As alluded to, addressing the problem is important not only for getting relief for carpal tunnel syndrome but also for preventing permanent damage to the nerve and muscles of the hands and wrists. A carpal tunnel syndrome doctor or other medical professional can tell you what to do for carpal tunnel syndrome to get you on a path to healing. BraceAbility also offers a complete line of wrist injury treatments for CTS and other wrist ailments.
The first line of defense is to rest the hand and wrist for several weeks. This typically involves wearing a wrist splint at night. And if that is not effective, treating carpal tunnel syndrome may require wearing a wrist splint or brace during the day. The Bort carpal tunnel hand brace is ideal for use both during the day and while sleeping. During this period of rest, one should avoid aggravating activities as much as possible (including sleeping on the hands/wrists).
As noted, a number of underlying conditions can result in carpal tunnel as a side effect. If that is the case, treating the underlying condition will usually eliminate the effects of carpal tunnel. Similarly, carpal tunnel syndrome and pregnancy sometimes go hand-in-hand. But this usually goes away after a mother has given birth. In the meantime, she might find bracing or wrist sleeve helpful for easing carpal tunnel during pregnancy along with the use of carpal tunnel braces for minimizing stress to the wrist.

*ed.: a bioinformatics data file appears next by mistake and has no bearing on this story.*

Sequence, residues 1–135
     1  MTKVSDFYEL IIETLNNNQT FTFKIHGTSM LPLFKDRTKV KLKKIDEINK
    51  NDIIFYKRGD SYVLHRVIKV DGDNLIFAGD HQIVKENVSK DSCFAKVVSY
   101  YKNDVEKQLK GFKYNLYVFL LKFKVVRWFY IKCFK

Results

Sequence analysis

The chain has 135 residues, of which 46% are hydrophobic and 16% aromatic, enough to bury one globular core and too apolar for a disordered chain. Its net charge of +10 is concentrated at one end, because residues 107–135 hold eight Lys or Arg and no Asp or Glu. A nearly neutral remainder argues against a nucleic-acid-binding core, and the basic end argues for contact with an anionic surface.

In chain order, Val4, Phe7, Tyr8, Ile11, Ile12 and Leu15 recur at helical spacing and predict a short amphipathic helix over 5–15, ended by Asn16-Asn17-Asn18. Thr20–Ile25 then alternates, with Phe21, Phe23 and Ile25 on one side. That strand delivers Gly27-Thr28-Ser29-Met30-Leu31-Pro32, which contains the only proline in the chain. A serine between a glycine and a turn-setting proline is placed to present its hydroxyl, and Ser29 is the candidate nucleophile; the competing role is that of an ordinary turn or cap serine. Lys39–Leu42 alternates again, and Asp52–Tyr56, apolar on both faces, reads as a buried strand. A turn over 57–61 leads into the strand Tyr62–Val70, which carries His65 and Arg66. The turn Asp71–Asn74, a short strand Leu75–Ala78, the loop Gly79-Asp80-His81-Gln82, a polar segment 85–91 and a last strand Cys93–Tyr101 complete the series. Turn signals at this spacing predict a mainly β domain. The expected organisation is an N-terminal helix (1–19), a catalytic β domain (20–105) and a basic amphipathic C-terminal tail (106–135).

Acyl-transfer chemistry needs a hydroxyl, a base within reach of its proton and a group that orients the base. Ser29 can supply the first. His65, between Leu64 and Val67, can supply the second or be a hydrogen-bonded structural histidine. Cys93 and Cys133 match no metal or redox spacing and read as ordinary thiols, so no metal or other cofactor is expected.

Other practices to reduce the swelling that aggravates the median nerve include applying a cold compress to the affected area several times a day and to use anti-inflammatory medications.
Once the swelling has gone down, one can engage in physical therapy for carpal tunnel syndrome to help prevent it from flaring up again. Carpal tunnel syndrome statistics show that carpal tunnel yoga can be helpful for treating carpal tunnel. Watch this carpal tunnel syndrome video detailing some simple yoga stretches for the condition.
If these methods do not eliminate the effects of carpal tunnel syndrome, one might try a corticosteroid injection for temporary relief or some alternative methods such as supplements, chiropractic care or carpal tunnel syndrome acupuncture.
In roughly 50% of cases, surgery is needed to resolve severe carpal tunnel syndrome. Recovery from this usually takes months; thus, it is important to consider whether one’s job offers carpal tunnel syndrome workers’ compensation. During this time a wrist immobilizing splint will likely be needed, followed by therapy for carpal tunnel syndrome involving strength and stretching exercises.
How to Prevent Carpal Tunnel Syndrome
Because of the prevalence of carpal tunnel in today’s society, there are a number of tools one can use to minimize carpal tunnel syndrome median nerve strain. For instance, there are a number of keyboards for carpal tunnel syndrome or one can find a carpal tunnel mouse for work or personal use.
There are also a number of ergonomic practices one can use to avoid a carpal tunnel syndrome disability. See the picture below for some best practices to prevent carpal tunnel syndrome while working on a computer. Or take a look at this New York Times article on carpal tunnel syndrome prevention and the steps and tools workers and workplaces are employing to address the condition.